C-PACE and Adaptive Reuse Go Hand-in-Hand in the City of Baltimore

Project News

The City of Baltimore is a growing market for C-PACE financing. In the past six months, interest in the program has accelerated and the known C-PACE pipeline in the city has more than tripled. This is an encouraging trend that is expected to carry into 2019 and beyond as property owners in the city increasingly realize that C-PACE is a good fit for their financing needs. This surge in interest is aided by the strong support for the C-PACE program by local city officials.

Baltimore is particularly well-suited to benefit from C-PACE financing for adaptive reuse. Using C-PACE for adaptive reuse not only improves the energy efficiency of the property but doubles its benefits by encouraging the adaptation of existing properties in lieu of new construction. The sustainability of this choice is well-aligned with the C-PACE mission to make buildings more sustainable in their energy consumption. Adaptive reuse in Baltimore saves iconic, historic buildings from decay and neglect.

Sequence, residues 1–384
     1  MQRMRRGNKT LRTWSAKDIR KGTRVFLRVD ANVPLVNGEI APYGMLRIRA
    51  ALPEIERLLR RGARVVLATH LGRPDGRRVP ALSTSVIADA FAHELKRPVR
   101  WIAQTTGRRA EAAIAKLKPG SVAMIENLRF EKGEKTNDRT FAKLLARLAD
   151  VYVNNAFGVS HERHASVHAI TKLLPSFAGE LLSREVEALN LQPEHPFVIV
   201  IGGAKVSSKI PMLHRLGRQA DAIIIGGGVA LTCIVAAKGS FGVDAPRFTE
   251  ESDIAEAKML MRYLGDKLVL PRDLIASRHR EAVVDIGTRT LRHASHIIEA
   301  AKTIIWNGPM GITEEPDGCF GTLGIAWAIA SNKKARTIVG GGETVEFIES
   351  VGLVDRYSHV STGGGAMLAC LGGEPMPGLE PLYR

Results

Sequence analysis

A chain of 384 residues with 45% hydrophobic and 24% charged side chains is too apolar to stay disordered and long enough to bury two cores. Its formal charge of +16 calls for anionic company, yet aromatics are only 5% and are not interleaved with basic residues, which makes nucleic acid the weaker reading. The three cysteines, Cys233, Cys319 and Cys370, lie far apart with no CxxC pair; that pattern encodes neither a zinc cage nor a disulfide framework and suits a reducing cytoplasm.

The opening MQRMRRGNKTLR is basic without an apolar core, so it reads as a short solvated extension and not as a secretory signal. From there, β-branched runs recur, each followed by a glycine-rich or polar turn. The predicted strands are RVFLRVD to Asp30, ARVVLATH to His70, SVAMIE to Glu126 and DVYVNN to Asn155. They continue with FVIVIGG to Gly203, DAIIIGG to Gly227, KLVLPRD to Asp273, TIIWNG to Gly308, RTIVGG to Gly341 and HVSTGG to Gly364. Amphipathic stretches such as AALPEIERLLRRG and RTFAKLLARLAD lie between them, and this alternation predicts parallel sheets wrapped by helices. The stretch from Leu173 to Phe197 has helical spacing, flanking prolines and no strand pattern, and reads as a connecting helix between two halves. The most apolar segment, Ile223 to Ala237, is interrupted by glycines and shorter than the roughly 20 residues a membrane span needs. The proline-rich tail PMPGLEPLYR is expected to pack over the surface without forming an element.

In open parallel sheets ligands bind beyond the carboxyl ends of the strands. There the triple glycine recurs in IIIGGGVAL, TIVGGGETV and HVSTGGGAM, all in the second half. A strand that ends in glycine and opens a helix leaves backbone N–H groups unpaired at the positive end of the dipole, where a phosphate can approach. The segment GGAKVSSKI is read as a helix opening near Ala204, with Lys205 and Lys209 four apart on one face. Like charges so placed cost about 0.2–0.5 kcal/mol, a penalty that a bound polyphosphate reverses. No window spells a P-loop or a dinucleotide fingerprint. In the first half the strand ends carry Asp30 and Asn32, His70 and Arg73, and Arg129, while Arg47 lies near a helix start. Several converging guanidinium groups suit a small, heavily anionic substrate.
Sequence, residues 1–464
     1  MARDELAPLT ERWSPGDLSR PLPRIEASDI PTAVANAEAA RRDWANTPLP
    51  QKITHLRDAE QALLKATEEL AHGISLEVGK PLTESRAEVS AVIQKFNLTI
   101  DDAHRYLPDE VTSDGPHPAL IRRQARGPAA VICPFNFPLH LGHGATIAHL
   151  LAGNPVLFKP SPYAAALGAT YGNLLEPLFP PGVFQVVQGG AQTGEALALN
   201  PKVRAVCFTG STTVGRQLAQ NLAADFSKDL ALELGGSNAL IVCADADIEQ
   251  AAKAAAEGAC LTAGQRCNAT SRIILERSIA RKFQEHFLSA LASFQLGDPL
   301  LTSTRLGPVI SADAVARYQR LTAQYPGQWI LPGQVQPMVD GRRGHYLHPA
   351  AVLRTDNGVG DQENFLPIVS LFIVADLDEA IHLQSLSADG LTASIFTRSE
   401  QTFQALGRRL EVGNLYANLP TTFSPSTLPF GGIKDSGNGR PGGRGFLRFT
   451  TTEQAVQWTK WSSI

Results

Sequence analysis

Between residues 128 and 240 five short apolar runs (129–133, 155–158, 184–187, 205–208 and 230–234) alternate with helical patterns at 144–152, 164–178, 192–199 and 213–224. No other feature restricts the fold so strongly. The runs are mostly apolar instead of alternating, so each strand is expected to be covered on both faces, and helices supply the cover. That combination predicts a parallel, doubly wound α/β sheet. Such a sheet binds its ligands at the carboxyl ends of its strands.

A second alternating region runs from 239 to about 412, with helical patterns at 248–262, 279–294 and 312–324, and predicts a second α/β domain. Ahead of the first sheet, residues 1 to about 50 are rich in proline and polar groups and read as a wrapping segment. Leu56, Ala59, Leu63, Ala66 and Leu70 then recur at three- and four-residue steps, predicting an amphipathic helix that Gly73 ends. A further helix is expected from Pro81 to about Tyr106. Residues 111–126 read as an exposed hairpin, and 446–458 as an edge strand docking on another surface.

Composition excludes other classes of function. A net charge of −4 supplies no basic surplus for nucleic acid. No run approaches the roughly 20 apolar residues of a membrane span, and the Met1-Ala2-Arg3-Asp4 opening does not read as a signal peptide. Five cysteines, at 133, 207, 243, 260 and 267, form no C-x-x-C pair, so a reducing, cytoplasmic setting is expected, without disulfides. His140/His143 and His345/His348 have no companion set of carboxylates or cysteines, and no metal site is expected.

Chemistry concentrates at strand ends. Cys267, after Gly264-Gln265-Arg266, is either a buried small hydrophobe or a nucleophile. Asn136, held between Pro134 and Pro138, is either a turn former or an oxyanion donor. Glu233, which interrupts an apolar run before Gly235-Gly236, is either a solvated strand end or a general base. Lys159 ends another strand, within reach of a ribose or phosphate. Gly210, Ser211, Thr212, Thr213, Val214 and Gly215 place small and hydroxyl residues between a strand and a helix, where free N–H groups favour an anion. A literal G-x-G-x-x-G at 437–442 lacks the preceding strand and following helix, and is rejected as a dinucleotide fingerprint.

One such example is the conversion of four run-down, abandoned properties in the city. The owner renovated these buildings in 2016 into mixed-use spaces for retail and multi-family residence. Thanks to the City of Baltimore’s amendment to C-PACE Council Bill 18-195 this year, the owner was able to apply for retroactive C-PACE financing to cover part of the cost of these projects. C-PACE was able to finance high efficiency windows, LED lighting, HVAC improvements, and more. This project was financed by Greenworks Lending, who also financed the first C-PACE deal in the City of Baltimore. Andrew Zech, Head of Business Development for Greenworks Lending, says, “With a physical presence in Maryland, Greenworks Lending is proud to support the redevelopment of the state’s largest city. Some of our most exciting projects are the adaptive reuse of historic buildings. The City of Baltimore has a trove of such projects and we look forward to continuing to advance economic development and energy efficiency in the region.”